Methadone is a synthetic opiate analgesic. It suppresses the perception of pain and the emotional responses to pain sent to the body from both the brain and the central nervous system.

What is Methadone?



Methadone is a synthetic opiate analgesic. Methadone can be used in opiate addiction treatment by altering the brain’s response to opiates. It does this by tricking the brain into thinking it is using opiates while preventing debilitating withdrawal symptoms.

Uses for Methadone

Methadone has been used to treat opiate addiction for over 50 years. In the 1960s, it was considered a breakthrough medication for morphine and heroin addiction treatment. However, one of the problems with using methadone is that it is habit-forming. Often, people who go on methadone maintenance never stop using the drug. Because methadone is habit-forming, a tolerance for the drug can develop. For some using methadone maintenance, active drug behaviors continue. Furthermore, for those on high dosages of methadone, overdosing is a great risk. One cannot cease taking methadone without going into opiate withdrawal. It is necessary that methadone users detox slowly. Those seeking to enter drug rehab must know that the higher their daily dose of methadone, the more unstable the drug detox will be. It is advisable to enter treatment after having reduced daily dosage to 25 mg or less.

Today, most methadone clinics operate with federal assistance. There are also constant debates about substituting one drug for another. The advent of alternative drugs such as Suboxone or Subutex is causing states to both think about phasing out methadone maintenance or indeed phase it out. Methadone maintenance does not address the issues underlying the original problem of morphine or heroin addiction. Nor is it a substitute for a drug rehab program.

Methadone is also used to relieve moderate to severe pain. It does not cause as much euphoria as most other opiates. Some people suffer from irregular QT or heart dysrhythmia (irregular pulse, missed heartbeats, or palpitations) while using methadone. Other physiological and cognitive functions are impacted by the use of certain opiates.

It is known that morphine and heroin reduce learning, memory and the ability to pay attention. However, few studies have been conducted to evaluate the impact of methadone on brain function. One study used animals to evaluate the impact upon cognitive functions while they were being treated daily with methadone. The report indicated that the animals suffered from a decrease in cognitive function, both during the administration of the drug as well as after the drug had ceased to be administered.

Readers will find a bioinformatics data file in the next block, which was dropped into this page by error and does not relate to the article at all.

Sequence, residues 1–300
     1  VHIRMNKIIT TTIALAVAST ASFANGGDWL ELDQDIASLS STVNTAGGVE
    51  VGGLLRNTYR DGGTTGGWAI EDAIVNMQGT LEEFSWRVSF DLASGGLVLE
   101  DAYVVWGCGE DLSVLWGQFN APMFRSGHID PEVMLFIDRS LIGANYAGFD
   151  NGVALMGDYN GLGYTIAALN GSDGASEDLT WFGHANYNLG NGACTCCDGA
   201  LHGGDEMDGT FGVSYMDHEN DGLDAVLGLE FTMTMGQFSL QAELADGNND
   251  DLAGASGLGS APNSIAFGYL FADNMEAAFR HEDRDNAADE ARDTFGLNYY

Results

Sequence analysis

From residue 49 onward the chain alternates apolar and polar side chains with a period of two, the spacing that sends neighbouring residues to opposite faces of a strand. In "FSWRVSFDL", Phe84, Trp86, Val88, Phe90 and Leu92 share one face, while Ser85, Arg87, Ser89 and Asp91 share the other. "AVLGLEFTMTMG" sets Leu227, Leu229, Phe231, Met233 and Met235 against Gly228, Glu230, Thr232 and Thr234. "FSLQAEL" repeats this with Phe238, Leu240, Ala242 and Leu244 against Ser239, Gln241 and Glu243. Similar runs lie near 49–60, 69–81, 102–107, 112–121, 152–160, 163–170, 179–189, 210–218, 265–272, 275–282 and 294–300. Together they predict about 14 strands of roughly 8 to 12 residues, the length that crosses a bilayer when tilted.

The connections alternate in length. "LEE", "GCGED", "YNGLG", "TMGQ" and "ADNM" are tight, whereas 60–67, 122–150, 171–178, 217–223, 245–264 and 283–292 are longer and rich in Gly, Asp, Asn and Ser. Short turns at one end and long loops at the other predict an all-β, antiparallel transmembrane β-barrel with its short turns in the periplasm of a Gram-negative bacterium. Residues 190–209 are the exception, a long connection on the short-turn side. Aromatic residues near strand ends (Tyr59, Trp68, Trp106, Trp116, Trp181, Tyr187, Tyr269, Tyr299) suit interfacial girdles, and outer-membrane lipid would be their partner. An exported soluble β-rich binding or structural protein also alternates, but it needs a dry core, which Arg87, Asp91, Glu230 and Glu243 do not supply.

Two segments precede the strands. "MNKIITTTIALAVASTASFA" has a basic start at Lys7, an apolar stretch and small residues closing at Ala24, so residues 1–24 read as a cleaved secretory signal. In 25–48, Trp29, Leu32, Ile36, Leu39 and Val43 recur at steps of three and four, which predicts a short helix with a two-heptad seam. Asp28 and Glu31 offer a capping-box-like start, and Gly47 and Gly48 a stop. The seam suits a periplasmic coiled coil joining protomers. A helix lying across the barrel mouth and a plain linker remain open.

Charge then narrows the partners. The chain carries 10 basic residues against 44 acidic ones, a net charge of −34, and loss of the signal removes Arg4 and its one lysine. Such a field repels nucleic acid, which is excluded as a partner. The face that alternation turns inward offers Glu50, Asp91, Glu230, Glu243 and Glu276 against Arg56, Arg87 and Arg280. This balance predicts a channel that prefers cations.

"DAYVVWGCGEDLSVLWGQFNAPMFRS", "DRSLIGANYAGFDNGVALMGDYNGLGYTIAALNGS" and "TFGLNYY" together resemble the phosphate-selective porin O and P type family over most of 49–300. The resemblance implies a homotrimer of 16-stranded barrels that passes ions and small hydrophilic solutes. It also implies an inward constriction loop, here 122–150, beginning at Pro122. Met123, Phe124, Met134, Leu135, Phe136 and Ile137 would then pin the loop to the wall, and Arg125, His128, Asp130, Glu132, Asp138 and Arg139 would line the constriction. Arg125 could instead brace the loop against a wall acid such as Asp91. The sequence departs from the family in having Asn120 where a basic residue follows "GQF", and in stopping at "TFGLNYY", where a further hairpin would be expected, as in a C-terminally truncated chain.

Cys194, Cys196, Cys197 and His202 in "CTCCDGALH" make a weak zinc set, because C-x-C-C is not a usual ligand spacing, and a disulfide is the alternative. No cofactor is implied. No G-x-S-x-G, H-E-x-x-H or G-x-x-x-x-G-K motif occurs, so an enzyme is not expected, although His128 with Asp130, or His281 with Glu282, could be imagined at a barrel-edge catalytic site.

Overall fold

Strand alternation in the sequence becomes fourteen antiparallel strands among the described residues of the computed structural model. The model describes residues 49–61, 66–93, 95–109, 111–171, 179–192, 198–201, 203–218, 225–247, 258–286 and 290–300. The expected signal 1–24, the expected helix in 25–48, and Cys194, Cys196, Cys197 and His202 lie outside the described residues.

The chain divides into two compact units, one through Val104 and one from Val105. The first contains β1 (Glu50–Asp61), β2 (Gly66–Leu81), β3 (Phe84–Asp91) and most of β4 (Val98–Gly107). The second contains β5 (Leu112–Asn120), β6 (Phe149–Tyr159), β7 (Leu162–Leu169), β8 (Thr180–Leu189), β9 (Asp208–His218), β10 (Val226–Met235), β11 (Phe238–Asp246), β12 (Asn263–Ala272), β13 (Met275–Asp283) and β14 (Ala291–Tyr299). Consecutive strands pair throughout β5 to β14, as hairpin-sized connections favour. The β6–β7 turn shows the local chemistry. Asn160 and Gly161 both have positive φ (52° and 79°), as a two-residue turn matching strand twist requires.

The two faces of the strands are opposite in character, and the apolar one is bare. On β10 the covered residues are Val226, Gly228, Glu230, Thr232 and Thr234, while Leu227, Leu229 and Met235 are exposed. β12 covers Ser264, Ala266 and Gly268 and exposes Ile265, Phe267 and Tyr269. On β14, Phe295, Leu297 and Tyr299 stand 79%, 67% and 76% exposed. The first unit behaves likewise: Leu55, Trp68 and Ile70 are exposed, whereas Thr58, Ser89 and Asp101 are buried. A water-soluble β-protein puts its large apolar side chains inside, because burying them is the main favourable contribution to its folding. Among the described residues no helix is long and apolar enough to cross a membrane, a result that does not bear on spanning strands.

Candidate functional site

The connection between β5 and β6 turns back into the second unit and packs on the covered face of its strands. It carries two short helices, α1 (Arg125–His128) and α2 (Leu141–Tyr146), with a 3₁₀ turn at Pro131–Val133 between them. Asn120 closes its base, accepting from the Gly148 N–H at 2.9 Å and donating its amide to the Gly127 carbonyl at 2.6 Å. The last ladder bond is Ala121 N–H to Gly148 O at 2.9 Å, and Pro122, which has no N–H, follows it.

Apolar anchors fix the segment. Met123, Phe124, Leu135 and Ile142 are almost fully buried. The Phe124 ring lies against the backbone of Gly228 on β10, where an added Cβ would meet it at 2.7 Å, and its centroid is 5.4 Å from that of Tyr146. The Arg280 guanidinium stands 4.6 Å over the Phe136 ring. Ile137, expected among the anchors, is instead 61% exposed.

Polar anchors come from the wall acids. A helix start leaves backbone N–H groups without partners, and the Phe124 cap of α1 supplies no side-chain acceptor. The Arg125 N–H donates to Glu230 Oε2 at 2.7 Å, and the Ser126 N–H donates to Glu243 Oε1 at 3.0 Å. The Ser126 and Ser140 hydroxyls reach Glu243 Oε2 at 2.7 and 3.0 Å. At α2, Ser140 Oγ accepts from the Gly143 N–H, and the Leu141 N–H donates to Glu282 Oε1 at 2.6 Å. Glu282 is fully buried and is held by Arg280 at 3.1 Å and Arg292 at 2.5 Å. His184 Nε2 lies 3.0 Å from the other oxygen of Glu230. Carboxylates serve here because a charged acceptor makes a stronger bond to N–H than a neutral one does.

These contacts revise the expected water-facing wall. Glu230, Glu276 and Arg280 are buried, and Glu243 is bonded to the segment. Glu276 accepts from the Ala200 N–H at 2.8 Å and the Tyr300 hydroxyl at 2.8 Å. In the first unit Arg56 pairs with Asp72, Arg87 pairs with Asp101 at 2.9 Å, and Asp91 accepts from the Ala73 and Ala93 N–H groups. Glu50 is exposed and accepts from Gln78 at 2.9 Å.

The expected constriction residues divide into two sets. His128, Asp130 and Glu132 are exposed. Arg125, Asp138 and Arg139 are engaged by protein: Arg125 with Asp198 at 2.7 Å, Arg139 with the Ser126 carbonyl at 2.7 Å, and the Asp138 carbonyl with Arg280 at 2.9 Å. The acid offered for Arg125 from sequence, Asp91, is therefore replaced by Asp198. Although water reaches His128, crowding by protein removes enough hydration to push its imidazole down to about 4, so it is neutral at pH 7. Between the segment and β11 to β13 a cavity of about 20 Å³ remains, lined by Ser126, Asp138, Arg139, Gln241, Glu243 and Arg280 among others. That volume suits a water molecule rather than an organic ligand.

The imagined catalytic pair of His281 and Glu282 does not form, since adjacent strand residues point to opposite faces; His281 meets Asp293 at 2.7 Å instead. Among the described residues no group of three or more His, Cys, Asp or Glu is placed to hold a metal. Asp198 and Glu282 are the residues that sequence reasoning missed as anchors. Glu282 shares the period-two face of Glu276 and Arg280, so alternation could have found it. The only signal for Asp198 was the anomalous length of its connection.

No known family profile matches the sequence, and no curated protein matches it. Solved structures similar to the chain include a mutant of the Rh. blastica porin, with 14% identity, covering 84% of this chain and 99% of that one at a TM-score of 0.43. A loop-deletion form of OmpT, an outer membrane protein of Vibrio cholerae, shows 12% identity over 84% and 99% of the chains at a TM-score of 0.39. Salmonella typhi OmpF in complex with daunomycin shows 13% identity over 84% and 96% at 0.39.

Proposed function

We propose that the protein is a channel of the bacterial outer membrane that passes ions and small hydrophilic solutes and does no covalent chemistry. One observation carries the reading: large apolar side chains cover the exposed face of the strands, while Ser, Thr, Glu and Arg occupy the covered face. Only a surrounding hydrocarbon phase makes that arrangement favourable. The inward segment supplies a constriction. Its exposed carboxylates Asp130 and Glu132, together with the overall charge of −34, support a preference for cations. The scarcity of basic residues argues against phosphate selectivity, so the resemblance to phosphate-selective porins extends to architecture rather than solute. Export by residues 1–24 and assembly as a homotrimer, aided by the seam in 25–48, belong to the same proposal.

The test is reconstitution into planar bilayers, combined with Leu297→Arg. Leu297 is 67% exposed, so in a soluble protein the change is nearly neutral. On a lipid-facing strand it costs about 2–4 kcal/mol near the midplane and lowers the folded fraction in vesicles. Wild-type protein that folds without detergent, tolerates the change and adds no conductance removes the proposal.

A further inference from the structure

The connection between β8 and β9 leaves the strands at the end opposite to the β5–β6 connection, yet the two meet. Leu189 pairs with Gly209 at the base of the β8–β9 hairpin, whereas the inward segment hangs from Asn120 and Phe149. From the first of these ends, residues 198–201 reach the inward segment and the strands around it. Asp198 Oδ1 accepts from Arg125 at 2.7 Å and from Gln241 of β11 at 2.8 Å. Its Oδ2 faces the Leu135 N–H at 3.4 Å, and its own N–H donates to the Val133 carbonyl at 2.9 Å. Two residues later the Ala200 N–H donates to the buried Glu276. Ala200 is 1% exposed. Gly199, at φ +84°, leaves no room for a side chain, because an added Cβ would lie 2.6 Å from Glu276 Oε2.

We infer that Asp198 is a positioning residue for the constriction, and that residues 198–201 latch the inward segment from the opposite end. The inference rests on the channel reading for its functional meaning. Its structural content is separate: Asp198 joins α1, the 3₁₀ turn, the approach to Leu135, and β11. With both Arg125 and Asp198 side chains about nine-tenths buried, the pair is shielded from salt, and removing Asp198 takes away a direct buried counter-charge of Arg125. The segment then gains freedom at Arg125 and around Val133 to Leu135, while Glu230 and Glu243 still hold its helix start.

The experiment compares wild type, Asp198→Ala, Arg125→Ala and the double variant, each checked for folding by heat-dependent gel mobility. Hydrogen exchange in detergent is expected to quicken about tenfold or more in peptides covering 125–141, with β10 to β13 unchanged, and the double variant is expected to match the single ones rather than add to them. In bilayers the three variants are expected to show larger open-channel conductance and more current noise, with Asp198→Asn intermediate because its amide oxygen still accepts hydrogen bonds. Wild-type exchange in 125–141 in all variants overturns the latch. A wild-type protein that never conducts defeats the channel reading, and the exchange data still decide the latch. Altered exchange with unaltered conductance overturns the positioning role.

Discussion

Side Effects of Methadone

  • Difficulty breathing
  • Drowsiness
  • Shallow breathing
  • Irregular heartbeat
  • Dizziness
  • Confusion
  • Swelling of the limbs and extremities
  • Weight gain
  • Dry mouth
  • Stomach spasms

Methadone Withdrawal Symptoms

Withdrawal symptoms from methadone can be twice as severe as withdrawal symptoms from opiates. Methadone withdrawal symptoms can last from several weeks to months and include:

  • Runny nose
  • Yawning
  • Nausea
  • Vomiting
  • Diarrhea
  • Flu-like symptoms
  • Aches and pains
  • High blood pressure
  • Insomnia
  • Depression

There are practical reasons for people to choose alternatives to methadone. Firstly, if you are on methadone maintenance, you must visit a clinic to get your dosage on a daily basis. If you should wish to travel, you must register with a guest clinic to get your dosage. It restricts the type and length of traveling available to you.

A person on methadone maintenance must be a participant in a methadone maintenance program for at least one year before the individual may receive a three-day supply of the drug. Despite the fact that methadone can stop the use of heroin or morphine, many who take methadone are still engaged in drug-related behaviors such as dealing, theft and violence. Methadone does not alter violent behaviors.

There is also a misconception that methadone maintenance programs will stop an addict from using drugs such as cocaine and crack. Methadone will not deter other drug use or crime.

Looking For Treatment?

Perhaps you began taking methadone years ago to help you get off of heroin. Now you are dependent upon this drug. Treatment approaches have changed and it is no longer necessary to trade one drug for another. Break the addiction to opiates completely. Call Recovery Connection's coordinators now at 866.812.8231, and learn about quality treatment programs for opiate addicts.

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